Essential Question for Media Literacy
- What are the different types of media?
- To what extent, if any, do different media outlets present the same news in different ways?
- What is the role of the federal government, if any, in regulating the media and the Internet?
- To what extent, if any, do the ways that ordinary Americans gather news in the 21st century contribute to partisanship?
- To what extent does the media communicate and teach individuals ideas?
- To what extent, if any, should we protect the most vulnerable members of our society from the negative sides of advertising?
- How can individuals influence positive change in the media?
- How do economics and advertising affect the way in which Americans receive the news?
On the Media
Why study the media?
In 30 minutes, read the following three articles and do the journal described in #4:
Journal #1: Government Shutdown ~ To begin, write everything that you know about the current government shutdown. What is happening? Why? Then, read the CNN article "Government Shutdown: Get Up to Speed in 20 Questions." What are the things that you didn't already know? After you have absorbed some of the information on the shutdown, what is your initial personal response? Why does it matter? What do you predict will happen? What is your opinion on these events?
Media Watch Assignment: Write a 1,000 to 1,500-word essay that tracks how the media is covering the government shutdown from at least three different vantage points that includes all of the following elements:
MODEL PARAGRAPH of MEDIA RHETORICAL ANALYSIS:
In the article “7 Deadly Spins: A Guide to GOP Debt Ceiling Denial,” the online magazine Mother Jones offers its liberal audience seven different critical interpretations of how different Republican lawmakers see the impending debt crisis. The title alone nudges its audience to equate these different interpretations with the seven deadly sins of greed, lust, wrath, sloth, gluttony, pride, and envy. Clearly, this is not a favorable connotative association. In the article, there is a photograph of a man with a shirt and tie with his head literally in the sand. Underneath the photo, the caption reads, "Rep. John Fleming (R-La)." This image suggests that Congressman Fleming is oblivious to reality. Under the heading "Default Deniers," the article claims that Michigan Congressman Justin Amash doesn't believe in the reality of the default by asserting that he argued "the country would avoid default so long as the government could continue to pay off interest with new revenues." Amash's point of view is undermined when the magazine quotes another Republican with considerable credibility on financial matters who clearly disagrees: "Tim Bitsberger, a George W. Bush administration Treasury Department official, told Bloomberg that a missed payment 'would blow Lehman out of the water,' referring to the investment house whose collapse triggered the 2008 financial crisis." While Mother Jones does seem to give both sides of the story, the ways in which it quotes the "debt ceiling deniers" leave the audience with the impression that these Republicans are underestimating the potential devastation of defaulting on the debt for political purposes. (250 words)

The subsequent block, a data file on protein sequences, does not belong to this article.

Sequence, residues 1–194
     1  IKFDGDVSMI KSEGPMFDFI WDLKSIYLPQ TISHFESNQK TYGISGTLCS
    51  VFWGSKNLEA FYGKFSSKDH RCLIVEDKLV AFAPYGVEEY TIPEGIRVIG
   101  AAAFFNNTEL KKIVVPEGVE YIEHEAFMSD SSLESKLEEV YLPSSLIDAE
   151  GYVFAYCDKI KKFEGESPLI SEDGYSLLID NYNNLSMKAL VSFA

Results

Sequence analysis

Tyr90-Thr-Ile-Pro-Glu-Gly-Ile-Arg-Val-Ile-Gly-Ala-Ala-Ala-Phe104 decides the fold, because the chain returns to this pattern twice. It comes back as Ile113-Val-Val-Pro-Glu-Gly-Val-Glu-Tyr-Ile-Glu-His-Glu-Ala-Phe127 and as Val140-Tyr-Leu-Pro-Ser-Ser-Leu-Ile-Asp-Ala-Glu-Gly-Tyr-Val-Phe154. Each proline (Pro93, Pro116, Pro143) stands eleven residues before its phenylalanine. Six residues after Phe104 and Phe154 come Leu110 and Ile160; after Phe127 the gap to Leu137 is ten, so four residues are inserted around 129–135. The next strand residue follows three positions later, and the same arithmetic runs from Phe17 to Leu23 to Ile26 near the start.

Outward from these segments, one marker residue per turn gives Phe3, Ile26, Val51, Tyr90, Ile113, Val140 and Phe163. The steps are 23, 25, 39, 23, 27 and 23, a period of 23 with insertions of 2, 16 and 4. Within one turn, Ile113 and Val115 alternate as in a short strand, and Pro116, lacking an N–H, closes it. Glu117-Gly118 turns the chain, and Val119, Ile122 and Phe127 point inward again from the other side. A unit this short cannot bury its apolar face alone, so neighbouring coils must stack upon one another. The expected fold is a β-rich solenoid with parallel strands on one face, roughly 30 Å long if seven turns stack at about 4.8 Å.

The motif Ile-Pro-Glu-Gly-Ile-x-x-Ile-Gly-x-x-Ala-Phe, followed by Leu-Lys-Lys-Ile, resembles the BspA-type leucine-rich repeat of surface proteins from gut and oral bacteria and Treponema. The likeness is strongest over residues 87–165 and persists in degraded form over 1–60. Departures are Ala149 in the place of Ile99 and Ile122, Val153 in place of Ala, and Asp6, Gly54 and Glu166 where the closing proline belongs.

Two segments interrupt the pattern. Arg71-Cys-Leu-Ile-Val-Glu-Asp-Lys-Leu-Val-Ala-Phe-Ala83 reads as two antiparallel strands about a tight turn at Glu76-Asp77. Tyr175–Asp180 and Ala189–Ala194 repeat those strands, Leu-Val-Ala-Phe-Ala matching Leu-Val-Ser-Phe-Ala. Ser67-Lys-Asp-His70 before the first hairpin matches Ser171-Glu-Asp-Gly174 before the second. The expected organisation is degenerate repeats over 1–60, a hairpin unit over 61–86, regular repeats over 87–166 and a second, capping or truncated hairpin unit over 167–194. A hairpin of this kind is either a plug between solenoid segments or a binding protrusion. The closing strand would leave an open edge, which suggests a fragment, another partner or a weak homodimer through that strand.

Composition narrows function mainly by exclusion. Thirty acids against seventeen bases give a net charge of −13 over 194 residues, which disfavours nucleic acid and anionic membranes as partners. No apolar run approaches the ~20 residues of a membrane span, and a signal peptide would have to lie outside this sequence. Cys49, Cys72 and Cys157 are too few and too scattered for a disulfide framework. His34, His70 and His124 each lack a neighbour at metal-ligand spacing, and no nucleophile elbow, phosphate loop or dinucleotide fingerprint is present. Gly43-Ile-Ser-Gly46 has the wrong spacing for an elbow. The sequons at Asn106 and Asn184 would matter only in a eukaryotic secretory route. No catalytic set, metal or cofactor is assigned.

Wednesday Assignment: Find out the title, political party, and political position on the government shutdown of the following politicians in the Government shutdown:
Analyze this screen shot of my iPhone today at lunch. How have two different media outlets presented the same event in two slightly different ways? For the NYTimes update, who seems to be blamed? For CNN? Would their viewers come to different conclusions? Is this an example of media bias?
Resources for Media Literacy Discussion
By tomorrow before class, share with me the following Google Doc:
- Copy and paste the rubric into a Google Doc entitled "P1 Media Literacy Discussion Notes"
- 600 to 1,200 words of original notes;
- "The Merchants of Cool" from Frontline
- "Top Gun" from The Fifth Estate (Note to self: show this entire episode next year)
- Call of Duty commercial
- "Unscrupulous Internet journals get hoaxed, on purpose, to prove a point" from Newsela
- "Who's Afraid of Peer Review" from Science Magazine
- "New U.S. TV Network Fuses News, Satire for Young Hispanics" from The New York Times
Possible Resources . . .